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Outcast Hero: The Making Of An Independent Animated Feature


Gemma Bright is a very talented independent animator who has been working on the feature Outcast Hero since 2006. She has very generously agreed to share her experiences working on the project with our readers!

OUTCAST HERO : MY EXPERIENCES

By Gemma Bright

What if I were to tell you I was working on an animated movie?
“Cool,” you might say. “It's a big undertaking, but a rewarding one.”
Now what if I were to tell you I am working on an animated movie by myself?

There have been many reasons for me making this decision – some of them within my control and some of them not – all of which have contributed to the ongoing tale that is “Outcast Hero”





The events of “Outcast Hero” mostly play out on the earth-like planet Tagen, home to a number of species, one of which are the chimerites. It tells a story of a genetically gifted chimerite named Muxlowe Daemyn who – after using his abilities to save Tagen from a energy-eating creature dubbed “Oxcerbus” – promptly becomes universally popular. With all this attention having gone straight to his head, Muxlowe is caught off guard when he wakes up one morning to discover he has inexplicably become human, a feared species with the reputation for having created the Oxcerbus in the first place. Cast far from his home, Muxlowe and companions Adrian, Vira and Marlon now have several mysteries to solve – how was such a transformation possible, who did it, and why?



Illness can end up determining what happens in your life to an extent. In my case, a chronic metabolic condition forced me to give up a full time job in 2004 and work part time from home. The unpredictability of the symptoms restrict my independence, and often make it very difficult to think or function well. A situation like this could easily become all-consuming if one obsessed over it, but I've been determined to channel my attention into more productive things. One of my outlets has been storytelling with a view to animation.

Outcast Hero emerged after a dawning realisation that one didn't need the backing of major studios in order to create something. In a time before crowdfunding websites, this was still quite a novel thought. The thought arose after coming across a project on Newgrounds during the same year in which I quit my job. It was an animated feature film called “Minushi”, and the most surprising thing about it was it was being worked on by one person. Inspired, I sketched pages of concepts for what would later become Outcast Hero. The aspect of how long it might take me to do a movie alone didn't feel like an issue. The fact I could get the ball rolling by myself was really freeing and motivating. July 2006 saw Outcast Hero's production get into full swing.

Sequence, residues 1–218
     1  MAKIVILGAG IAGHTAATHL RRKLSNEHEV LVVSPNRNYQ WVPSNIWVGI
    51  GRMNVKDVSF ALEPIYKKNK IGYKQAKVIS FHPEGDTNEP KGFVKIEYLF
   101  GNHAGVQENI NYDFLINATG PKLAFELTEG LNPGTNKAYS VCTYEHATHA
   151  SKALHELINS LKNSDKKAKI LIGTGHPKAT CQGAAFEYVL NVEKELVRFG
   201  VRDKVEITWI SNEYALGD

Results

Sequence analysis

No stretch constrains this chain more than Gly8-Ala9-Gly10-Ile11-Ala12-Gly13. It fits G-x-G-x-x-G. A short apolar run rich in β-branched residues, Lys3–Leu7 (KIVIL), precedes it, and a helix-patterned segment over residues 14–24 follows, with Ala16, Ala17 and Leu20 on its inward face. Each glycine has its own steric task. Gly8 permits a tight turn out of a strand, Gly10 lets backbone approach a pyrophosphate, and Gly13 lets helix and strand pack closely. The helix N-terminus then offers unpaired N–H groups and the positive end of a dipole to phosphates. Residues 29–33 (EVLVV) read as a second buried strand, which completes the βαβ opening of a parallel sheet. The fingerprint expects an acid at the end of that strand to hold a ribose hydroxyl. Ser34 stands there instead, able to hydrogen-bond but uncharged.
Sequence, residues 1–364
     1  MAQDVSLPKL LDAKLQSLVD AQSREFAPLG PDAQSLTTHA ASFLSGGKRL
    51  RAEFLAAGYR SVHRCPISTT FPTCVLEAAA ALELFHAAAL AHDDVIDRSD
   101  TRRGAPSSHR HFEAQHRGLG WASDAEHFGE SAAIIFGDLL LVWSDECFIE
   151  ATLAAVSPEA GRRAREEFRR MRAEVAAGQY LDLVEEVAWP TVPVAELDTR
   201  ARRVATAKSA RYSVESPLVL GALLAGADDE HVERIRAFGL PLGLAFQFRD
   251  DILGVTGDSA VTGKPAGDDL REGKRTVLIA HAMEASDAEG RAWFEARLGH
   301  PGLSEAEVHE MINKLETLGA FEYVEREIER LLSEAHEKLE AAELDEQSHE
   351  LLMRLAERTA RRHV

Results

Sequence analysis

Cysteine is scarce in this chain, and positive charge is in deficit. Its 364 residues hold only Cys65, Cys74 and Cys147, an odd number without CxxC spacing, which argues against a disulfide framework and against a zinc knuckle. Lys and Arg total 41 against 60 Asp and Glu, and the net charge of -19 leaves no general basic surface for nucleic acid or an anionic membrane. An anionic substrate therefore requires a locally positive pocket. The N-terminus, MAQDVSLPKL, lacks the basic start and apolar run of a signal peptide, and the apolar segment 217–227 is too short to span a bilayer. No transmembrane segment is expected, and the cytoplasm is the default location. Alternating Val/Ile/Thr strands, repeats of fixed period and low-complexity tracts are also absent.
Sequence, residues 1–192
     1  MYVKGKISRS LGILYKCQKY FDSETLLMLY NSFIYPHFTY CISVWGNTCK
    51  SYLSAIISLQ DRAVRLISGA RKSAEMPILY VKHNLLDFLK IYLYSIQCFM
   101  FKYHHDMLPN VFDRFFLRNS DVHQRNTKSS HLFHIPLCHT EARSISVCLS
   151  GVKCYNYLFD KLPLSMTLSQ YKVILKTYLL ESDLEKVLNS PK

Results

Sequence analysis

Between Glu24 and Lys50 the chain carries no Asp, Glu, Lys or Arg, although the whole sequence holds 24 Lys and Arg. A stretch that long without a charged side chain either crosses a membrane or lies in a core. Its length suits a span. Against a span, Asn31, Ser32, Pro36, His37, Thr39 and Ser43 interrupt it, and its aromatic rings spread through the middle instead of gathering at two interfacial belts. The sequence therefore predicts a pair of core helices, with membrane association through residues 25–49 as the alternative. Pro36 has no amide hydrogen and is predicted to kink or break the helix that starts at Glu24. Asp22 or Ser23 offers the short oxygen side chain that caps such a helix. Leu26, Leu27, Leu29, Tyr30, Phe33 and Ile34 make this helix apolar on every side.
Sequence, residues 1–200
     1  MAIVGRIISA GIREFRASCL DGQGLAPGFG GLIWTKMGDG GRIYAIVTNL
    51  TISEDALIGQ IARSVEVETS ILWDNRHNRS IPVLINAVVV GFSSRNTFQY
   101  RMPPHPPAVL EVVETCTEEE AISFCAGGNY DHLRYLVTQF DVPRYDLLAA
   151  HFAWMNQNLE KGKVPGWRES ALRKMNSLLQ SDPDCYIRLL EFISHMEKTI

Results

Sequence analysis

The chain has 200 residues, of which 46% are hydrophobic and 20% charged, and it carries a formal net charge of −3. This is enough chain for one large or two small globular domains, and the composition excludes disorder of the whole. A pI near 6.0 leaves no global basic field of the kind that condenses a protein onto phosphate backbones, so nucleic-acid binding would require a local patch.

I used the same production techniques that major animation studios did, which I had learned the basics of from watching animated film documentaries. After the concept art, I worked out the base structure of the plot, which was followed by the earliest draft of the movie's script. Then came the storyboarding and animatic stages – the first version of the movie merged these two stages together by drawing the storyboard onto 9x9cm pieces of paper and scanning those into the computer for composition. Later versions have used thumbnail sized storyboards and the animatic is being upgraded to a digital format.


In mid 2010, the first version of the animatic was completed and watched by a few people who relayed critique back to me. This cycle of small scale test screening and feedback has been repeated over time, in order to further improve the movie's contents. Since then I have focused on the animatic's second version, discounting a year long break I took in order to make “Outcast Hope” - a prequel short to Outcast Hero which also served as a test bed for me taking a piece of work to a finished state.

For the past eight and a half years I have been crafting the world of Outcast Hero – its environments, characters and the stories that drive them – without a budget to dedicate to the movie's production. Friends have generously dedicated their time and skills to voice some of the cast and develop various ideas.


Crowdfunding has been suggested to me in order to get more people on board and thus speed up production of the movie. I have debated the idea, but you need to have a substantial audience in order for a crowdfunding campaign to be feasible, and running a campaign is extremely stressful. You have the pressure of fulfilling everything you promise your backers – rewards and actual project work – in a set amount of time. The second of those things is quite influential to me, as my state of health requires keeping external stress levels down where possible.

In summary - I've learned to work realistically within my own boundaries, without sacrificing the pursuit of my creative ideas. I'm not sure how long it will take to complete the movie, or how I'm going to overcome those future production obstacles, yet I feel surprisingly chill with regards to these things. Outcast Hero is a project which I - and those which follow the movie's production - are savouring the journey of, as well as the prospect of a finished outcome. This gradual pace, unshadowed by the expectations of others, allows the story to develop organically and I feel is creating a more solid end product as a result.

Working solo on an animated feature is not for the faint of heart. It takes longer and requires much patience and dedication, but I've always seen it as the more favoured choice over not working on the feature at all. For me, creating Outcast Hero has been a fascinating experience. I have learned so much about movie directing, animation and cinematography, and continue to discover new things every day.


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